Music industry calls on music lovers to save live music in NSW

Music Crowd GenericLive Performance Australia, in association with the Australian Festival Association, APRA AMCOS, Music NSW and the Live Music Office released the following joint statement.

“Last night at the eleventh hour, the Government finally released the regulations and guidelines for the controversial music festival license again showing they have absolutely no respect for the music and festival industry.

“The music, festivals and events industry is complex and establishing guidelines will always be hard and require good process. With a state election looming and a rush for media headlines, the NSW Government has ignored repeated requests to consult properly with our sector. This is why they are getting critical definitions and details wrong for an industry worth over $600 million to the state and employing thousands.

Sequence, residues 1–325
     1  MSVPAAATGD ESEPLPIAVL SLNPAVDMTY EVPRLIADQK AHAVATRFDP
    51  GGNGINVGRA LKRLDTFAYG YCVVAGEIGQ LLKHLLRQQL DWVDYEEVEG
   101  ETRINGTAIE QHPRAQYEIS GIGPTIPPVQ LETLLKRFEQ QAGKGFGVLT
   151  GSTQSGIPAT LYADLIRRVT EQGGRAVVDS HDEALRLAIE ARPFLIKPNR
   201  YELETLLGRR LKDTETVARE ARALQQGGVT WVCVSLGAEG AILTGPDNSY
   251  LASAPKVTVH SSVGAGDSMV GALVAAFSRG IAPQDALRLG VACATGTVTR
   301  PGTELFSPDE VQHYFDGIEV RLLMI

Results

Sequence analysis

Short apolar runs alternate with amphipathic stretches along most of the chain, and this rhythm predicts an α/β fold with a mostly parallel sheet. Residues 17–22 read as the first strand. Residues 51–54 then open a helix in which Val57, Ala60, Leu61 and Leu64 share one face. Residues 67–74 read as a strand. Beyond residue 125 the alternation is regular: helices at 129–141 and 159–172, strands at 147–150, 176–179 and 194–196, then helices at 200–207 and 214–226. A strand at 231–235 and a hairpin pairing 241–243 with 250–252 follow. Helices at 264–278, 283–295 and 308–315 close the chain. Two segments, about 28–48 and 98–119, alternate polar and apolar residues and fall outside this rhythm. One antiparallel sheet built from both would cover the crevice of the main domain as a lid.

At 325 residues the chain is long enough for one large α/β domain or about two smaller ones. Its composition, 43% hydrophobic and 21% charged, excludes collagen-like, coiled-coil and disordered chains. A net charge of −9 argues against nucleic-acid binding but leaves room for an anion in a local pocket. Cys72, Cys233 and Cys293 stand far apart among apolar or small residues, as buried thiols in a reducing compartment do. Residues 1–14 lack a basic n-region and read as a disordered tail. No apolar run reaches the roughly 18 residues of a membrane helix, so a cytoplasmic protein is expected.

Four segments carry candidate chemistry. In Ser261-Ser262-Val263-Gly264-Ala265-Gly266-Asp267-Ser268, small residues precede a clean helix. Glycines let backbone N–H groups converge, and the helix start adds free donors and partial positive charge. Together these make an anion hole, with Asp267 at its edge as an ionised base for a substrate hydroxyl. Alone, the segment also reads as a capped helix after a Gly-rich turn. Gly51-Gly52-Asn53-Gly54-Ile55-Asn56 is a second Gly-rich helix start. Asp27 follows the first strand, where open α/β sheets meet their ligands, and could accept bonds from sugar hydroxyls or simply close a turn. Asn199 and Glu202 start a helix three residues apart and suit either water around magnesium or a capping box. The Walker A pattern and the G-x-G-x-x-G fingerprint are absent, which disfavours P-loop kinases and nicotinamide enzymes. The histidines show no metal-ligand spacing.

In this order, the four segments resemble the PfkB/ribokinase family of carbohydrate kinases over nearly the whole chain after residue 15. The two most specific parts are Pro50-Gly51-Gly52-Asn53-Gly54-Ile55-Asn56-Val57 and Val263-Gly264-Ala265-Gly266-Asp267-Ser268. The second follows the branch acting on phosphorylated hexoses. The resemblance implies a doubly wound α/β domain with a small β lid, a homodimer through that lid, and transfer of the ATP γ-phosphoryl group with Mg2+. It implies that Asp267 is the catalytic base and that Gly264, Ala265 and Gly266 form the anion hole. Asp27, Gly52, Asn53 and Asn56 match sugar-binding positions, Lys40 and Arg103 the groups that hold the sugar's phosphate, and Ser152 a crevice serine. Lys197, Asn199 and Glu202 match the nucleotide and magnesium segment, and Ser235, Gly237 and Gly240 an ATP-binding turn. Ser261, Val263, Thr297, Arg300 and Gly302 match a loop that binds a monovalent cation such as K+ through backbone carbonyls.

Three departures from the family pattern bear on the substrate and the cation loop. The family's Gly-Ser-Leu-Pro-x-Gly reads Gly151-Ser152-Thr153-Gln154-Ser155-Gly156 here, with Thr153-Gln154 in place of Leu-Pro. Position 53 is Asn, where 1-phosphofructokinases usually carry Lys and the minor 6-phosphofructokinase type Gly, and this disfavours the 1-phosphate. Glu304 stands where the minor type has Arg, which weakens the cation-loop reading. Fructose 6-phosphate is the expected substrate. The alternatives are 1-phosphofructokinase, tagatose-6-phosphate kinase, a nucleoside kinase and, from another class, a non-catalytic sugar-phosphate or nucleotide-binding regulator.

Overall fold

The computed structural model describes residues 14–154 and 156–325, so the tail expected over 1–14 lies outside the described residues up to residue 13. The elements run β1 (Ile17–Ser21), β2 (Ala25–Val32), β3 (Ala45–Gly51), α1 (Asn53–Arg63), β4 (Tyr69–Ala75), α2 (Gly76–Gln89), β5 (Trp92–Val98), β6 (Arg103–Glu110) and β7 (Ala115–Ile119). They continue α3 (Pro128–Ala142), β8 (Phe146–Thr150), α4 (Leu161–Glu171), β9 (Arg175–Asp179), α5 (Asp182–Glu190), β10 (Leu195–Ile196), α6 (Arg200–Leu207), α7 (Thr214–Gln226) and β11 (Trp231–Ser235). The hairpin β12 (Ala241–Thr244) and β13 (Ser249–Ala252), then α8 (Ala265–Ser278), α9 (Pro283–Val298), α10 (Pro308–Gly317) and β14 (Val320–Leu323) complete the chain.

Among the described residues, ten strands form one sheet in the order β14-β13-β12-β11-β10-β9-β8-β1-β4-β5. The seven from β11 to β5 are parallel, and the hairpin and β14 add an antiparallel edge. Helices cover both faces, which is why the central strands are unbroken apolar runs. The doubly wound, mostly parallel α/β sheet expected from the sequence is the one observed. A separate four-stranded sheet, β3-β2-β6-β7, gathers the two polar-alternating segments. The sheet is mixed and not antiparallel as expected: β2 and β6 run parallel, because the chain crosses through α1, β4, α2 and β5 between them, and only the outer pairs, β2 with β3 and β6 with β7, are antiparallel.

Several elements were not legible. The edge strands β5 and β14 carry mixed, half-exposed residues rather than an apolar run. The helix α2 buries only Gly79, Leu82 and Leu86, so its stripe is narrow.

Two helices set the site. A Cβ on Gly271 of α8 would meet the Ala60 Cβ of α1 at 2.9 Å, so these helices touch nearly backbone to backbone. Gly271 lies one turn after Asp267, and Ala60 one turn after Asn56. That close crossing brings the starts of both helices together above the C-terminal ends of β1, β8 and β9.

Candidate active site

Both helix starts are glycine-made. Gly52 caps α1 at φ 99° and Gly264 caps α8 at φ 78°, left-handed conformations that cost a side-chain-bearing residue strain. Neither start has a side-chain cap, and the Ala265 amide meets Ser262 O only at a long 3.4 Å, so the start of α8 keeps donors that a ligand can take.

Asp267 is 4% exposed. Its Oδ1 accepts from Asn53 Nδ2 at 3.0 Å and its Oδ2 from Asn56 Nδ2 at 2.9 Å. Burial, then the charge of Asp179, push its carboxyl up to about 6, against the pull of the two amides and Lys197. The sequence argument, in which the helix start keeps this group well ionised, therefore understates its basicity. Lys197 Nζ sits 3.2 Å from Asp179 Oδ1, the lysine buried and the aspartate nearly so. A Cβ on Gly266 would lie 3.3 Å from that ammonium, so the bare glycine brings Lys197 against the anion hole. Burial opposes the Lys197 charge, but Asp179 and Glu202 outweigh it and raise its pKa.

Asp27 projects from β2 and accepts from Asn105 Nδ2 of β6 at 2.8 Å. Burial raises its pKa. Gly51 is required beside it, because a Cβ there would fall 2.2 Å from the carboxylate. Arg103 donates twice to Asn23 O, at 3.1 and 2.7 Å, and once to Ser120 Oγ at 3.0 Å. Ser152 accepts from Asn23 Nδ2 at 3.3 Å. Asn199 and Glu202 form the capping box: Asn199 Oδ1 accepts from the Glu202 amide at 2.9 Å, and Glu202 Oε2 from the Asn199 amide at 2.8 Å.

“The regulation guidelines as they now stand also mean that any concert for over two thousand people with more than four performers, longer than five hours in duration or with more than one stage are likely to be at risk. From the Sydney Opera House, Olympic Park, Luna Park, the Hordern, wineries, showgrounds, beaches and community events, concerts like this happen across the state every weekend.

“With NSW regulations now being so hard to navigate and remaining the most costly in Australia, not only will concert promoters start to scale back or cancel national and local concerts, Australian performers that are showcased as part of these events will be first on the chopping block.

“Audiences, tourism, supply chains and the hospitality sector will all lose out. But critically, local musicians, performers and crews will lose much needed work for an industry that is now in crisis. The Australian music industry nationally is appalled. This action clearly shows the government’s tin ear to industry consultation and due process. They have got it wrong.”

“Every music lover in every city, town and regional area across NSW should be very concerned about what’s happening in NSW right now and if they care about live music and festivals they should make their voice heard.”

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